Artist Portrait: Molly Ono

Originally Posted on The Yale Herald - Medium via UWIRE

This week Fuzz interviewed artist Molly Ono, ES ’20, about her practice.

Fuzz: Describe your work in 5 adjectives.

Molly Ono: Humorous, color-conscious, impulsive, instinctual, and expressive.

F: How would you describe your work to your grandmother?

MO: An investigation into being a young woman through paint.

F: Which artists are you most interested in right now?

MO: Charline von Heyl, Eva Hesse, Ana Mendieta, and Marlene Dumas.

F: Which artist informs your work most, conceptually?

MO: I’d say Helen Frankenthaler. I like the looseness with which she paints, the ideas around the drip and paint guiding form instead of the artist guiding form. When the artist is guiding paint and the paint is guiding the form — that distance is something I am really interested in currently. That kind of ‘letting go.’

F: Which artist informs your work most, aesthetically?

MO: Probably Van Gogh. I don’t think it was a conscious thing, but people say that about the work I made last summer, and the background on my phone is a Van Gogh which I look at that all the time. It’s not conscious, but I think because I see it so much it’s leaked into my brain… I’ve seen so many images of his work without being actively obsessed with him that the color choices and painting choices that he’s made have subconsciously informed me, even though I am more actively interested in contemporary women artists now than I am in his work from the 1800s.

But it’s not necessarily just artists, it’s also the ways people have presented themselves on Instagram, other social media, fashion magazines, advertising, movies… I’ve been really obsessed with Lady Bird, which is not controversial at all, but I think that sort of mood has saturated my brain.

F: What has changed most about your work in the last three years?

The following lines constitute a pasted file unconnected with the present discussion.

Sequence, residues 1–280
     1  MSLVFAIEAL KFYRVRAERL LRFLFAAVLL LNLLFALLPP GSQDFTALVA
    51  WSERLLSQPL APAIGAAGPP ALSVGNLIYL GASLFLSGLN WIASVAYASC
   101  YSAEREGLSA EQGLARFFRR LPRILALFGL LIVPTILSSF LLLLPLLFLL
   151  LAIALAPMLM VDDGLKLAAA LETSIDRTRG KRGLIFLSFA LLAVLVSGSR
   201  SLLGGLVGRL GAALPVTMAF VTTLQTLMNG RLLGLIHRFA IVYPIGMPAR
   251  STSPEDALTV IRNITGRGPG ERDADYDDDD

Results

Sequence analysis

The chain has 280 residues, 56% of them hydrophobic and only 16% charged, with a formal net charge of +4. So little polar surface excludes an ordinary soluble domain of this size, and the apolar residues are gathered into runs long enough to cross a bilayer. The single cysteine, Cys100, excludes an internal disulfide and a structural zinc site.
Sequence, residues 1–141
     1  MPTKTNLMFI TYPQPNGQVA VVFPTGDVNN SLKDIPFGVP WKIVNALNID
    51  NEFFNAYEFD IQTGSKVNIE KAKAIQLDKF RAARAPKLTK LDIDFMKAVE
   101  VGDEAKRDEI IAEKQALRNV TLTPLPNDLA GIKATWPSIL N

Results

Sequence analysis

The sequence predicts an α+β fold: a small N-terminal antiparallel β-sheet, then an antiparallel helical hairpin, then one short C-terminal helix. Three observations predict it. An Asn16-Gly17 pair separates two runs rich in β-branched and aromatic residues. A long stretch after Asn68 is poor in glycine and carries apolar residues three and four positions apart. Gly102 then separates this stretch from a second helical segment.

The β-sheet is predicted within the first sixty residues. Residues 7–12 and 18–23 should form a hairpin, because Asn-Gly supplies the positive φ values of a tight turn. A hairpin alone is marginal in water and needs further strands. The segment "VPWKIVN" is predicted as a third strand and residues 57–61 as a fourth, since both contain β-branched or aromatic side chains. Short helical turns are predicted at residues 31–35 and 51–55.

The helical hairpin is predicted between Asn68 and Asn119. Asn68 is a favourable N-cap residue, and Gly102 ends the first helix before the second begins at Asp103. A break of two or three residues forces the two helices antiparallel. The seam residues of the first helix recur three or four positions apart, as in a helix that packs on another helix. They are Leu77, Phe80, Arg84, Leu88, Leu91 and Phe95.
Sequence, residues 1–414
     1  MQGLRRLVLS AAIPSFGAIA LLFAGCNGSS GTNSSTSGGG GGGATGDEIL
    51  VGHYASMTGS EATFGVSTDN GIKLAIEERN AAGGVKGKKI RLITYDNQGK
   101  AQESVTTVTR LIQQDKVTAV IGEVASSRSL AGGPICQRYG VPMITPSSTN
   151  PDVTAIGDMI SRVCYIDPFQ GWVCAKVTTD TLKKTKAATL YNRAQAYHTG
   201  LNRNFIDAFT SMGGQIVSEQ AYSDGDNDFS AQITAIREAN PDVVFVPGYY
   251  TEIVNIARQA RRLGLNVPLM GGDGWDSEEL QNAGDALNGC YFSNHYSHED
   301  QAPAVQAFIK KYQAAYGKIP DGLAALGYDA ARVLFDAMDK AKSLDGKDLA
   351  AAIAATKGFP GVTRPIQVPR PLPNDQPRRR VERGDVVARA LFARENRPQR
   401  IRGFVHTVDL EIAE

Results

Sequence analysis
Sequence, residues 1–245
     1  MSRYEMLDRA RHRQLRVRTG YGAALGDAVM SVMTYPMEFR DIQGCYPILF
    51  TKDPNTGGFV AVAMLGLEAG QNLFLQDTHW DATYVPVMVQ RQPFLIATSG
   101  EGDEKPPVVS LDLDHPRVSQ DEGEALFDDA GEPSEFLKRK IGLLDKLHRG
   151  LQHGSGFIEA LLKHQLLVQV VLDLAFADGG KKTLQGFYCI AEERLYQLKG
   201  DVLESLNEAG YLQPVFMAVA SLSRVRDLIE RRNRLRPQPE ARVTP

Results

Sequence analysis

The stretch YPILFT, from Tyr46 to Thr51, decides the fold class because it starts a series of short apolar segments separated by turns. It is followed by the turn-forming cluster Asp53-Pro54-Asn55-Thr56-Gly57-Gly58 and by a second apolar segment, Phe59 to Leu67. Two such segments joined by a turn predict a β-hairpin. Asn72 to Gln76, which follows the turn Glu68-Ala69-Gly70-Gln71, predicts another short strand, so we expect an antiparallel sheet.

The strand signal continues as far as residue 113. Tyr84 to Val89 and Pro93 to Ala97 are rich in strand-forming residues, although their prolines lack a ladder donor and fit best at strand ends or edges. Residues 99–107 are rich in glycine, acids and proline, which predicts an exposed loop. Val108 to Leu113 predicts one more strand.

MO: I’ve definitely turned more towards abstraction. I didn’t really know how to do that in high school, but I’ve learned so many tools about how to approach it in a smart and interesting way since coming to college. I’ve gotten more confident in my choices of color and form, and more considerate of what I want to paint and what I want to investigate with my paintings. In high school I was just painting people because painting people was the mark of a ‘good artist,’ especially since my school was a pretty weak in the arts. Back then I would paint pretty dumb stuff, just because I knew I could, like fleshy flowers and skeletons, very teenage things.

F: What is the most challenging aspect/stage of your practice?

MO: There’s kind of this turning moment where you think you have a handle on it, and the piece starts to approach this state where you can feel it coming together. It’s that moment of preciousness. There’s this very sensitive zone at some point, like three-quarters of the way through the piece, where you realize you could so easily mess it up, and that’s the scariest part.

Conversely, there are times when you’re making a painting and it looks really good, but you know that it’s not quite finished and you don’t know what to do from there. It becomes a kind of problem to solve. That can be very difficult because you could so easily make the wrong move, and then it looks worse and becomes even a larger problem. I’ve gotten into this negative feedback loop where I keep working and working and it looks worse and worse.

F: What music do you listen to while painting?

MO: The other day I was listening to my party playlist, so I think I was listening to T-Pain. I’ve been listening to “I’m Sprung” a lot, I had that song stuck in my head continuously the other day.

F: What is the next step for your work?

MO: I’m considering very heavily the legacy of female artists right now and wanting to investigate more queer art, which maybe is not my sphere to look into, but it’s so closely linked to feminist art that it’s hard to separate from that. Along that vein I’ve been interested in the role that men have been playing in my life and how they’ve affected me. I’m doing a set of paintings right now that are text messages I’ve received from men that I’ve been involved with in the past. I like the idea of repackaging it as my artistic work, versus just language they’ve sent me.

Artist Portrait: Molly Ono was originally published in The Yale Herald on Medium, where people are continuing the conversation by highlighting and responding to this story.

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